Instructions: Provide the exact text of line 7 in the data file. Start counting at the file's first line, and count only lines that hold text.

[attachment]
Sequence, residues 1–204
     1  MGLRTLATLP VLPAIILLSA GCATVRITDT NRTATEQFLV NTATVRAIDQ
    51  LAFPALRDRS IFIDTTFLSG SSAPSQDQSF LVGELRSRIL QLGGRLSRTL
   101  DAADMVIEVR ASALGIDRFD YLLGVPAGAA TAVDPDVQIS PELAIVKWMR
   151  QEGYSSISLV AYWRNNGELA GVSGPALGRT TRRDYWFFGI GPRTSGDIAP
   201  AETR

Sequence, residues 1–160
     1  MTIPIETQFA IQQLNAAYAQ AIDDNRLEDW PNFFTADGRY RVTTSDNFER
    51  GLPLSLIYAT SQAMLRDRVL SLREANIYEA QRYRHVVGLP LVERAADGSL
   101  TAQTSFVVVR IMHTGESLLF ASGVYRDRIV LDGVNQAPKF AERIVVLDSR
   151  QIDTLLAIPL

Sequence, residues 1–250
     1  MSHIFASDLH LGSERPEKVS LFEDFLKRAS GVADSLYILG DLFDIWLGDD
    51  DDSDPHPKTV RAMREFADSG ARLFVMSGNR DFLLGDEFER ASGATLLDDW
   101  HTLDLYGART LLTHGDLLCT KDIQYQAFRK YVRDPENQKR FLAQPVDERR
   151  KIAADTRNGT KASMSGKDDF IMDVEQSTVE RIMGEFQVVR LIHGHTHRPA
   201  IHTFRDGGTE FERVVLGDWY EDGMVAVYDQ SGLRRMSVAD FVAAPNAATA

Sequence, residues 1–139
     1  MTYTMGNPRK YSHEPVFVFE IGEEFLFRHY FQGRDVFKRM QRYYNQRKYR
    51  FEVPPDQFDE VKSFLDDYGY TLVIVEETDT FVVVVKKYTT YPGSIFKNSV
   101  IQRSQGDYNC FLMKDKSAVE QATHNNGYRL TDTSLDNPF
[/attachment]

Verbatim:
Sequence, residues 1–160